Community Services

The Importance of Community Care Services

Community Care Services cover a wide range of services that are provided outside of a hospital or care facility enabling individuals to live more independently and enabling them to integrate within their community more easily. Currently community health services account for around £10 billion of the NHS’s total annual budget and around one-fifth of the entire NHS workforce.

Community Care Services are available to adults of all ages, whether they are elderly, struggling to cope with mental illness or living with some form of chronic/long-term physical disability. They are essential in allowing vulnerable individuals to live a more independent life without the need for them to move into a full-time care facility or hospital. Community Care Services are mainly delivered in people’s homes; however, they can also be provided through community hospitals, intermediate care facilities, clinics, and schools.

Community care teams are made up of a wide variety of professionals including GPs, community nurses, allied health professionals, district nurses, mental health nurses, therapists, and social care workers.

Examples of Community Care Services

Community care services can come in a variety of different forms and include essential aid and support such as rapid crisis response services, district nursing, occupational therapy, speech and language therapy and in particularly severe cases end of life and palliative care. An example of a community care service might be a nurse visiting an elderly person at home to help with their medication or a support worker helping a child in a wheelchair with personal care, such as bathing or getting dressed.

They may also include provision or access to a vast range of QOL (quality of life) aids such as health insurance, food stamps. Legal services and transportation as well as essential equipment including walking sticks/aids, mobility scooters, disabled access ramps and exercise equipment.

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Who has access to community care services?

Community care services are available to individuals suffering from a range of impediments including long-term illness, mental health issues and other acute or chronic conditions such as MD or rheumatoid arthritis. If you yourself or a loved one has trouble with everyday tasks such as washing, cooking and getting dressed, or perhaps you’ve just been released from hospital and need some form of extra assistance, then you can take a care needs assessment to determine what kind of help you need. The assessment will be carried out by your local council/authority who will look at your income and savings to assess whether you are entitled to any kind of financial support towards paying for any care services that maybe required. If the council deems that you are indeed eligible for some kind of financial help, then you have two options. The local council can arrange homecare services on your behalf or alternatively, you can choose to receive direct payments from the council paid into your bank account allowing you to arrange homecare yourself through a private care company that can provide more personalised care arrangements tailored to you or your loved one’s specific needs.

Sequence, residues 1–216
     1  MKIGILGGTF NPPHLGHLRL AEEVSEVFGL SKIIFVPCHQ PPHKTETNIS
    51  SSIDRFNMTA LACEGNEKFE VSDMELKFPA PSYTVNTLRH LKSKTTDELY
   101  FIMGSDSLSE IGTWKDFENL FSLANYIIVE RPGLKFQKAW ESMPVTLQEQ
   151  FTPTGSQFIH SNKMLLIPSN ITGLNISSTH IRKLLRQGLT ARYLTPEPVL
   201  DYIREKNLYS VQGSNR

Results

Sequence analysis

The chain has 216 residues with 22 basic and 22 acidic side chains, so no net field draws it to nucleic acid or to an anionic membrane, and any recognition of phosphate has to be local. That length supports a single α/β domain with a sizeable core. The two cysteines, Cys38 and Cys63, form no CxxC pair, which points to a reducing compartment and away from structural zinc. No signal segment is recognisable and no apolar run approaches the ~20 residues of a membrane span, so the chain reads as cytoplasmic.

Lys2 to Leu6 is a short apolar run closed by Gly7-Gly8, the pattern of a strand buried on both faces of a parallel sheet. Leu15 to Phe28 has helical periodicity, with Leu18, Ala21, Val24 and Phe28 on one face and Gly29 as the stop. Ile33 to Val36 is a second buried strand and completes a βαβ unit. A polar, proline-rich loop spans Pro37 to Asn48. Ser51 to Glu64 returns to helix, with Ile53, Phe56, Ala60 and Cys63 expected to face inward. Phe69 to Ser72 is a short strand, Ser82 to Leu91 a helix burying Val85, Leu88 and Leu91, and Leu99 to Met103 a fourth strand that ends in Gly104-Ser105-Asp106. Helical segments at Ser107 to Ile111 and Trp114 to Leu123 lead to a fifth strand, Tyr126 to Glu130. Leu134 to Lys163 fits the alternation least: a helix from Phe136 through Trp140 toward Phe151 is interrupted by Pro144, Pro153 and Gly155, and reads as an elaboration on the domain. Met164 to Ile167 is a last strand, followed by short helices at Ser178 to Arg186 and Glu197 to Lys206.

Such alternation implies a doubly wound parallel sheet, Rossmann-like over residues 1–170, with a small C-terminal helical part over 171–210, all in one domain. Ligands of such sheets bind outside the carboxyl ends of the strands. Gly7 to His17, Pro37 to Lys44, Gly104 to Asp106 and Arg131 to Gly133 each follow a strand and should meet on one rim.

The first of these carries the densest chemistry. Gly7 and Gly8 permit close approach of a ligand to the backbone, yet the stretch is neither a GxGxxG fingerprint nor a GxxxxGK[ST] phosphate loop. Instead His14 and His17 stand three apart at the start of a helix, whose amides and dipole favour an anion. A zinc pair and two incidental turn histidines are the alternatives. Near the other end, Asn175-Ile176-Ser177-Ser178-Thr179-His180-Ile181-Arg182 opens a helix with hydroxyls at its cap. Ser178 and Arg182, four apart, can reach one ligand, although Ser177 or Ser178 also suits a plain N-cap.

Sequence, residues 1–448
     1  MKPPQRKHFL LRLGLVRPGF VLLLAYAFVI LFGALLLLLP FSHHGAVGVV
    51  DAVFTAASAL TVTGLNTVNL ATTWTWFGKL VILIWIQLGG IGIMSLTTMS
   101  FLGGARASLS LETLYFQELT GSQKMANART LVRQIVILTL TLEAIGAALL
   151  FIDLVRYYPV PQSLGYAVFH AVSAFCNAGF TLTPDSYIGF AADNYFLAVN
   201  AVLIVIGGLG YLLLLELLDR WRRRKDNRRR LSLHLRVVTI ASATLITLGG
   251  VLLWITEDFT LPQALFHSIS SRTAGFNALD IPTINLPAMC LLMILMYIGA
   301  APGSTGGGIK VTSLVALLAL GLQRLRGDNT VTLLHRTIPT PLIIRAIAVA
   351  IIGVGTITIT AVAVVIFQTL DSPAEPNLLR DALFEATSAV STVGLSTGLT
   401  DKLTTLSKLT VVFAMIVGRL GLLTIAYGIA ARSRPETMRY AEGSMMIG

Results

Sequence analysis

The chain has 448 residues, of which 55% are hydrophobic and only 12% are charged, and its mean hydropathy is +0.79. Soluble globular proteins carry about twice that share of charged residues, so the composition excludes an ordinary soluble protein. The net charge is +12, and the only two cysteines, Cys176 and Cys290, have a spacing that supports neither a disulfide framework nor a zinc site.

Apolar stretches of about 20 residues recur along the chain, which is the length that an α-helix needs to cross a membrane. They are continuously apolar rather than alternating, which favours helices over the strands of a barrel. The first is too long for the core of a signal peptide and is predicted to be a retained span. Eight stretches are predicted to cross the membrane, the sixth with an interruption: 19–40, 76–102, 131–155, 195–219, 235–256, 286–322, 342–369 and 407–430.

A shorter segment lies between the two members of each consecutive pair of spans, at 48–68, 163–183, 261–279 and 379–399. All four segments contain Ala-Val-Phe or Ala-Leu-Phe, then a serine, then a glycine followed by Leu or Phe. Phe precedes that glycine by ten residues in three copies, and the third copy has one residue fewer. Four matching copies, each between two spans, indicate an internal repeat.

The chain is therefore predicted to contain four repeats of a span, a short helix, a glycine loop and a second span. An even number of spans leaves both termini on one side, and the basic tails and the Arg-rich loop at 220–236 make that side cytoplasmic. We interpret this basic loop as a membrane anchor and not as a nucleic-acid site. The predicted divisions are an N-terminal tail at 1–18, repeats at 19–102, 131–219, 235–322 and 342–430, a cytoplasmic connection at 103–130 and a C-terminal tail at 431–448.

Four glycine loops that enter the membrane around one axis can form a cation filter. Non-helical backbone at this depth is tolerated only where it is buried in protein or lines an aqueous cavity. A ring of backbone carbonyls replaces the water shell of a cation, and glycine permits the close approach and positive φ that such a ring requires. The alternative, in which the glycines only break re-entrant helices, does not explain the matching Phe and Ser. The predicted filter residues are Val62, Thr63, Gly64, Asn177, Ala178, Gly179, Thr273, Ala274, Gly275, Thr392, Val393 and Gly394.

Benefits and Impacts Provided by Community Care Services

Access to community care services can really help to transform a person’s life, allowing them to maintain a healthy lifestyle both physically and mentally. Not only can these types of services help individuals to live more independently but they can also help them make social connections by providing access to activities such as voluntary work and leisure trips to cinemas, the local swimming pool, historical sites, etc. Evidence has shown that the design and implementation off community-based services may help improve health and wellbeing within communities, reduce the demand for intensive hospital or residential care, improve quality of care for people with complex needs, help people to understand and respond to people’s physical health, mental health or social needs and provide access to specialist advice and support.

With the coronavirus pandemic still effecting thousands of vulnerable adults living alone or with disabilities, it’s more important than ever to make sure everyone has access to some sort of care and support should they need it. Care homes have become a hotbed for the coronavirus which means that community care services are becoming increasingly valuable in helping people to live a satisfying and meaningful life.

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